Q45 Gareth Johnson: My experience of the Probation Service is that it can be a very capable organisation, but it does not have the monopoly of wisdom, if you like. It cannot make all the ills in the world better. There are other organisations that can come in and help improve things and can actually reduce reoffending. If you can incentivise those organisations financially to come in and help out, that surely has to be a good thing, has it not? There has been an inherent fear, has there not, in some public sector organisations that if you have companies coming in and saying, "We can reduce offending and we will make some money out of doing so," somehow that is immoral and that cannot happen? Is that your stance?

Ian Lawrence: No, it is not, because many probation trusts already have innovative strategies and work with outside partners-some in the private sector as well. It is about the management of the whole exercise. We are saying that we would clearly need assistance to engage with the under-12-month community. That is absolutely clear. It is 50,000 new cases a year. We are not averse to new people coming on side and working with us. Our concern is the management of that whole model, which we think needs to be run by skilled professionals and needs the expertise and a sharing of ideas. We are not opposed to that, but again, to achieve the economies of scale suggested and dismantle and dismember the current structure in the way proposed strikes us as completely mad.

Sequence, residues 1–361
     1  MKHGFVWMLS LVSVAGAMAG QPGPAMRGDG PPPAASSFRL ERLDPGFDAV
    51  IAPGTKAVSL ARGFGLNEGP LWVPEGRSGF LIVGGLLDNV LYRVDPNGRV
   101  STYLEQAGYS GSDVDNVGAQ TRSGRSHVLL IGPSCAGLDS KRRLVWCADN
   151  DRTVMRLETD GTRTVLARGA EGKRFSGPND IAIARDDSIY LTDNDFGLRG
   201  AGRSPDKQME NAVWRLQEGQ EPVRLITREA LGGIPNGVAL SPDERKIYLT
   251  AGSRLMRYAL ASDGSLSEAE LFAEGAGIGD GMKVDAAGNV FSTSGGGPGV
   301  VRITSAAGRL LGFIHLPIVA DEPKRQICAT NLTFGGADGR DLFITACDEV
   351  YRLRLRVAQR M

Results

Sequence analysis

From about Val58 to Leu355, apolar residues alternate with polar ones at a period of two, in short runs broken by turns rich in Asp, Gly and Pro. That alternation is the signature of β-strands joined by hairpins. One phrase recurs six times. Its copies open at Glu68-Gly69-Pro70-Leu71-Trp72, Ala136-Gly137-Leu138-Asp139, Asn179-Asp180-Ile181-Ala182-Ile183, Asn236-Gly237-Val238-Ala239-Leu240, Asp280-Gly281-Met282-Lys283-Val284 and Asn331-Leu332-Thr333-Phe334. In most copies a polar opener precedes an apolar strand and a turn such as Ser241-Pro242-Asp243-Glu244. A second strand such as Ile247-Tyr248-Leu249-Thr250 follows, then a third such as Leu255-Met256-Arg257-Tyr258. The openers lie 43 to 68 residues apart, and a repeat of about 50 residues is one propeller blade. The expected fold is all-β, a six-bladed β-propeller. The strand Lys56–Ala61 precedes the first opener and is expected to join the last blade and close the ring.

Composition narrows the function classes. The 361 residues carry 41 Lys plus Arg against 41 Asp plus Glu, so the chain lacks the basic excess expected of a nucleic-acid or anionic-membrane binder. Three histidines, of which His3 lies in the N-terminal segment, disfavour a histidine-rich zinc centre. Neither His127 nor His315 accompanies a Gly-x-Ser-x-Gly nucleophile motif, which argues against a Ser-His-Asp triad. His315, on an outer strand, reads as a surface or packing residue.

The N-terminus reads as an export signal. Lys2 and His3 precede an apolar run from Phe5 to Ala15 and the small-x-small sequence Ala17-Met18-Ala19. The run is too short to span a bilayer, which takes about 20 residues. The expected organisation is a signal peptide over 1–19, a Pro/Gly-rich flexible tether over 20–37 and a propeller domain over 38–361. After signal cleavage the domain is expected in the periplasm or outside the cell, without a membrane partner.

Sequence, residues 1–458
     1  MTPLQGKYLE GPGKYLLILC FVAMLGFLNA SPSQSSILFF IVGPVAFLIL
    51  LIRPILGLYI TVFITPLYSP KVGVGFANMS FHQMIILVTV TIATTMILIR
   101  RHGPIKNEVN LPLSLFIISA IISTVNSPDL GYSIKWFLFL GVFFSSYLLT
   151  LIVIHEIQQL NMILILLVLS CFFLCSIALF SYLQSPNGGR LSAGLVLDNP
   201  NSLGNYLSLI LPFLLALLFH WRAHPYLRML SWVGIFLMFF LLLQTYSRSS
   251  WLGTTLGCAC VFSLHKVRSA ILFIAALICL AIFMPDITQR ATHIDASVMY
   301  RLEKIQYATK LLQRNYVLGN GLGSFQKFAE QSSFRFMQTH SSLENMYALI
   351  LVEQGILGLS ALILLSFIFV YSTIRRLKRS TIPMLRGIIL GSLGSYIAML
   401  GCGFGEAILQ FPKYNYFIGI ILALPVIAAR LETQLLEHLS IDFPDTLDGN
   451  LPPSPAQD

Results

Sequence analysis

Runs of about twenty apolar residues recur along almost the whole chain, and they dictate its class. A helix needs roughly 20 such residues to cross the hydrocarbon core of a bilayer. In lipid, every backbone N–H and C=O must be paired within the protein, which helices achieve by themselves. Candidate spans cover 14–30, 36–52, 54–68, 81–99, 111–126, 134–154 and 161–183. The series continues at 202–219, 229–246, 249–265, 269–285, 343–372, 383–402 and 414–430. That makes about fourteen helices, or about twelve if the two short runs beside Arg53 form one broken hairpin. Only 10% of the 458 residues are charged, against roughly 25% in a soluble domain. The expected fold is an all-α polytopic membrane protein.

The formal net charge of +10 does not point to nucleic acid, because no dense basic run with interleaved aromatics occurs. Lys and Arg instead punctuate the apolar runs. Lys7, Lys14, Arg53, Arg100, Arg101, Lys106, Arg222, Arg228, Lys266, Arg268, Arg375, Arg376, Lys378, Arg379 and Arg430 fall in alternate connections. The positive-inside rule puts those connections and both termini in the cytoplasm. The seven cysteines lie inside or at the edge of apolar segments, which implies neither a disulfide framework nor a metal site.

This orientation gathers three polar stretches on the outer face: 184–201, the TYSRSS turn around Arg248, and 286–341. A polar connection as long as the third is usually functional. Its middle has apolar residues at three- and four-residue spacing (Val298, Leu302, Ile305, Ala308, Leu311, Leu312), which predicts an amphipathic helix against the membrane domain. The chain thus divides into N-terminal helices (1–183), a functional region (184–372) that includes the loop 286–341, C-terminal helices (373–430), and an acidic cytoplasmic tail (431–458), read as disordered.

Richard Johnson: There is a fundamental flaw in the understanding of PBR here. It is prevalent across Government outsourcing at the moment. There are two forms essentially of PBR. This form is the simple form of cash on delivery. Instead of paying for a service up front, I am going to make sure that I get the service by paying for it when it is actually delivered. But people think what they are buying here is spend to save. In a spend-to-save model we are tapping into the £5 billion-odd that it costs us with our current rates of reoffending. That is a completely different sort of contract, procurement and service. In that model, you are looking to incentivise risk because there are big rewards, and those rewards come from, effectively, a profit share between the public sector purse in reduced reoffending costs and the provider of that service. What you cannot do in that spend-to-save model is try and introduce the notion of competition on price, because competing on price drives you back to this cash-on-delivery model-how cheaply you can deliver the service for me-rather than how much you can extend the social impact of this service, because an increased social impact delivers an increased saving to the public purse. They are different models.